The book launch of Up Close with Lee Kuan Yew at the National Gallery Singapore on March 15 was met with sighs and head-shaking as Singaporeans said the new tome tried to show that Lee Kuan Yew was only a person who had unseen sides that reveal him to be affectionate, funny, thoughtful, loving, benevolent, indefatigable, nurturing and kind, among the 300 other human attributes commonly associated with pleasant people.

One Singaporean, Ai Guo, said these supposed revelations about the revered leader fell short as they are not new updates and serve to lower his stature: “We know all that already. Singapore is Lee Kuan Yew and Lee Kuan Yew is Singapore. Having another book published is not going to change that fact.”

“I dislike how the book wants to portray Lee Kuan Yew as a person, like you and me. That’s ridiculous.”

“He is a deity and it is sacrilegious to paint him otherwise and vulgar to even think him as a mere mortal.”

“Whoever sanctioned this book must be sentenced to 15 years of hard labour.”

“What an insult to Lee Kuan Yew’s memory.”






‘From Swamp To Skyscrapers’ narrative ignores fact that S’pore still has swamps

‘From Swamp To Skyscrapers’ narrative ignores fact that S’pore still has swamps

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This false narrative gives outsiders the impression that mudskippers stay in high-rise apartments.


A BBC article framed Singapore’s journey in the last 50 years as one about going from “swamp to skyscrapers”.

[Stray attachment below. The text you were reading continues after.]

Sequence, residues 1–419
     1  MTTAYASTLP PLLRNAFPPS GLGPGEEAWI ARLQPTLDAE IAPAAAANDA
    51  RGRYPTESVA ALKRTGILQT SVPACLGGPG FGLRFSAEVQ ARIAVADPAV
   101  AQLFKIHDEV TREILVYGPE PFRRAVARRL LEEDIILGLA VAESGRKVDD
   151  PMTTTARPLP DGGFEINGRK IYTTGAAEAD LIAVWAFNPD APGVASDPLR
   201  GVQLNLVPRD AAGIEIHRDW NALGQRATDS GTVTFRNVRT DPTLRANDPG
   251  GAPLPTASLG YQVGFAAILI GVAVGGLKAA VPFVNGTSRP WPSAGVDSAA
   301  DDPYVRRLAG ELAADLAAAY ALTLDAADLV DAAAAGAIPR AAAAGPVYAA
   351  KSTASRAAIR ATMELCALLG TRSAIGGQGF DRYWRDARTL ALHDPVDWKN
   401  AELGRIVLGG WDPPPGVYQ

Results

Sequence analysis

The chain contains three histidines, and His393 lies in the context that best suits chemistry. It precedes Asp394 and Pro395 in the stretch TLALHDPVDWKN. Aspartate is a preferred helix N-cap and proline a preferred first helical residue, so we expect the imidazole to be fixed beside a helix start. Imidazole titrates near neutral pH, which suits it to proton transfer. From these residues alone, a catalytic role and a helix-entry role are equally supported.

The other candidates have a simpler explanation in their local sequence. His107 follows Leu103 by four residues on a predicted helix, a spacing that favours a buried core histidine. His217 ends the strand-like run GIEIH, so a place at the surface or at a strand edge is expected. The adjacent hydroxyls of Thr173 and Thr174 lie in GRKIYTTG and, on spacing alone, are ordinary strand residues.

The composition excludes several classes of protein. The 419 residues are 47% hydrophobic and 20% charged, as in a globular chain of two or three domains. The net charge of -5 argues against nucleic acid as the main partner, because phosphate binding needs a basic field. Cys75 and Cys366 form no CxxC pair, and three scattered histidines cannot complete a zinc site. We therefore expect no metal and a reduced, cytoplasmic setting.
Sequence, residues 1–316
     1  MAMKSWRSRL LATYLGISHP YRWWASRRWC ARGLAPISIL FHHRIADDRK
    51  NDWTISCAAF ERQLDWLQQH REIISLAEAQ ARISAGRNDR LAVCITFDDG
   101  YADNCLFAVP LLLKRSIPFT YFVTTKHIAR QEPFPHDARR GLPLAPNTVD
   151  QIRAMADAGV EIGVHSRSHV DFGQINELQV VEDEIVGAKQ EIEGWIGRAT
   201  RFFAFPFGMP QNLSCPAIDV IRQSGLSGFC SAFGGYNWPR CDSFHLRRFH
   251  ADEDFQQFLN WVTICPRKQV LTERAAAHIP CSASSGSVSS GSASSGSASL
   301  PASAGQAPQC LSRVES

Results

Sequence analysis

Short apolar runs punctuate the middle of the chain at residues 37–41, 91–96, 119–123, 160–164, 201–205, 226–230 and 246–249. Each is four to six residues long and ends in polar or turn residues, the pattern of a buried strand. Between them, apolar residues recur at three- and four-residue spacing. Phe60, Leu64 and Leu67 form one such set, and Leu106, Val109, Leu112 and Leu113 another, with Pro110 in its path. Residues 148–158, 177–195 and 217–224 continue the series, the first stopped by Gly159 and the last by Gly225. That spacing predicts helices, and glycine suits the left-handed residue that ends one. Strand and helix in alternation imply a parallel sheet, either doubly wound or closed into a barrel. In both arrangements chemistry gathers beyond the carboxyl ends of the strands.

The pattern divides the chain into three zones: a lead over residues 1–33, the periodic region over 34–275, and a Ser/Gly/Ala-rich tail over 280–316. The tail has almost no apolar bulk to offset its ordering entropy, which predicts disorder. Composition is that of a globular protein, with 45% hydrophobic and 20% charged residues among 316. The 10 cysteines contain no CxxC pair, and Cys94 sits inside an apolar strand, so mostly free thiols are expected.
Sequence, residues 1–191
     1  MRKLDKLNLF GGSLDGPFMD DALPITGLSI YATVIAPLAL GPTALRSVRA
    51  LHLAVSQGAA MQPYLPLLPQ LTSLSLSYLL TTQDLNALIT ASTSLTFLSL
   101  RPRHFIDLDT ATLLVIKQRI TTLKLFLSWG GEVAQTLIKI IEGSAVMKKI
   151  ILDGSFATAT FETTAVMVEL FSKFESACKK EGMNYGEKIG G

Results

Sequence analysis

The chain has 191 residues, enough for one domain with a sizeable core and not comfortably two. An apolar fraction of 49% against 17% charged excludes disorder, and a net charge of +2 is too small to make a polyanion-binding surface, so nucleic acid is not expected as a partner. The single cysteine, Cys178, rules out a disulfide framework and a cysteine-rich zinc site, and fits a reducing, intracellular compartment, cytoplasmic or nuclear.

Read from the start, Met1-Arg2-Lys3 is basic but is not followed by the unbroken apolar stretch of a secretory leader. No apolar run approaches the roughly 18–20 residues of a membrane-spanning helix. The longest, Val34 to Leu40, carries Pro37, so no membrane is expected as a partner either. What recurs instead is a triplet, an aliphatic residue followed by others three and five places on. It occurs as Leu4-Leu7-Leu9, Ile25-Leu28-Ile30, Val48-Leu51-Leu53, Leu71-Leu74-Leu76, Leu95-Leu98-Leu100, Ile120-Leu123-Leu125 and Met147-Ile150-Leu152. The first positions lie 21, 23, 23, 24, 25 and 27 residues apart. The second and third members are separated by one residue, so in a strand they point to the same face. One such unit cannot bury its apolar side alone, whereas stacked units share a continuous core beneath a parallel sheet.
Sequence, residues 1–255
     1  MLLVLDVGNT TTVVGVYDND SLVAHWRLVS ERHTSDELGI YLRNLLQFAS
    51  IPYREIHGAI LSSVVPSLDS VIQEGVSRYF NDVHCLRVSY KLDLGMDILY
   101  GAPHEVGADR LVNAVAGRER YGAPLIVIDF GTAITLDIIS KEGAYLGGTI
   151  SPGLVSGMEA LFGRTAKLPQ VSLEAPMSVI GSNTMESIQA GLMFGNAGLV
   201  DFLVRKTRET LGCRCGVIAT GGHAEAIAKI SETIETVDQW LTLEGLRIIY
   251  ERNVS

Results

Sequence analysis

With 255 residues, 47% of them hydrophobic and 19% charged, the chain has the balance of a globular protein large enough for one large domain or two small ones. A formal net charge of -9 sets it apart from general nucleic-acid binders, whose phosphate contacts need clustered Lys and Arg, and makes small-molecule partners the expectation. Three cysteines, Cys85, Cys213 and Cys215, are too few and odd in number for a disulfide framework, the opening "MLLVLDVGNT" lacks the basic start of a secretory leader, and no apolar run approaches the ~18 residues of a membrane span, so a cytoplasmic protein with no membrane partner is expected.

A lot of Singaporeans from all walks of life are familiar with this narrative.

However, if we stopped to think, we’d realise that this narrative paints a false picture of what life is really like in Singapore.

Because, the truth is, Singapore in 2016, still has swamps.

By insisting on the “From Swamp To Skyscrapers” narrative, what we are doing is send a wrong message to outsiders beyond Singapore’s shores: We are effectively telling foreigners that the water monitor lizard, mudskipper and Great Egret do not live in the swamps here but in high-rise apartments.

When we do that, what we are doing is effectively whitewashing the biodiversity and the countless species of flora and fauna that live at the intersection of freshwater and saltwater habitats.

Have we considered what Sungei Buloh Wetland Reserve would feel?

Or Pasir Ris Park? Nee Soon Swamp Forest?

How about Chek Jawa?

By continuing to perpetuate this false narrative to create a false consciousness, we will inflict symbolic violence on innocent habitats.

Therefore, we need to stick with the “From Swamps To Skyscrapers With Pockets Of Swamps” narrative for a new beginning to dawn.






S’pore to end rankings: All schools are haunted schools, likewise all schools are good schools

S’pore to end rankings: All schools are haunted schools, likewise all schools are good schools

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No need to compare, parents of school-going children assured.


Singaporeans from all walks of life, who have always thought the schools they personally attended while growing up were the most haunted in Singapore, can finally put their self-centred beliefs aside.

This after the authorities have reiterated that Singapore will be getting rid of school rankings for good in a bid to de-emphasise comparisons across the board to instead focus on the merits of each and every school.

One education authority spokesperson, Kao Di Yi, said the benefits of not focusing on rankings will give parents of school-going children the assurance there is no fear of missing out: “Parents need not worry that their offspring is not getting the most out of their education just because he or she is not in a particular school.”

“Even though there have been many articles online speculating about which schools in Singapore are more haunted, we need to remember schools are all haunted in their own unique way, but at the same time, still largely similar throughout.”